The Art of the Resume

Job seekers tend to��spend quite a lot of time perfecting their resumes. From the tiny details like fonts and margins to the major components��like experience and education, everything on a resume can be mulled over for days ��� if not weeks or months.

Unfortunately, this means that resumes can become paralyzing presences��that actually hinder your job search, rather than help.

It makes sense that this could happen. A resume can potentially contain every pertinent educational and professional detail of your entire life. Worse, all this information is expected to fit onto one or two pages at most. That's a recipe for overthinking.

In an effort to find relief, many people turn to the help of professional resume writers. These are��people who turn a job seeker's background into a masterful work of art. They'll use a trendy look, the right language, and the job seeker's professional work experience to craft a "perfect" resume.

Although this sounds like a good idea on the surface, I'd like to present an alternative point of view. I'd like to challenge you to take 100 percent ownership of your resume.

Why It's Important to Own Your Resume

There are a number of reasons why I believe you should do this. First, accuracy is the most critical component of a resume. Your future boss can terminate your employment if your resume misrepresents your background or skills. Handing your resume over to a stranger ��� one who likely does not specialize in your field ��� is a good��way to end up with mistakes and inaccuracies.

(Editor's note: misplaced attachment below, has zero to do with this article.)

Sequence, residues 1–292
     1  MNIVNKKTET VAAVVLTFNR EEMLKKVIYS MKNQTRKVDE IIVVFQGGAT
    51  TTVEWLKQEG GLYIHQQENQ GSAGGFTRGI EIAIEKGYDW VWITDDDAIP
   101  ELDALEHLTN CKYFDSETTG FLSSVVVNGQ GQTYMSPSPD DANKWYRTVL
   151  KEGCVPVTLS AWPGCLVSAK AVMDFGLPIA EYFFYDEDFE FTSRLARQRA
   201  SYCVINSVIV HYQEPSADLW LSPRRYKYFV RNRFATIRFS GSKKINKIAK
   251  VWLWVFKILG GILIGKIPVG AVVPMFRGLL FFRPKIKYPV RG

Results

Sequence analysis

Furthermore, when you change jobs, you��may be��interested in��changing the sort of work you do or the type of industry you work in. Revising your own resume allows you to put some serious thought into the image you want to portray to your future hiring manager. It allows you to think through the examples of your previous work that best align with your future job. It can even help to shape your elevator pitch and cover letter. Essentially, you're able to craft your own personal brand.

Don't get me wrong: You shouldn't revise your resume in a vacuum. Typos are one of the first things a hiring manager notices, and their presence can disqualify you from the running. So, ask one or two close friends to read over your resume, looking for mistakes or information��that is difficult to understand.

If you do opt to use a resume writer, work closely with them to ensure they truly understand your background and what makes you special. Ask your close friends to read the finished product to help you make sure it��accurately represents you.

Above all, remember that your resume will most likely not be what lands you your next job. Chances are that a personal connection or a surprise��meeting with a hiring manager will be the thing that furthers your career. You want to have a strong resume, but spending too much time on it will only take away from valuable networking time.

Take the time to revise your resume yourself, and then move on. Get out there and start talking to people. And, when you face rejection, don't assume you need an entirely new resume. Instead, look for new networking contacts.


A version of this article originally appeared on The Memphis Daily News.

Angela Copeland is the CEO and founder of Copeland Coaching.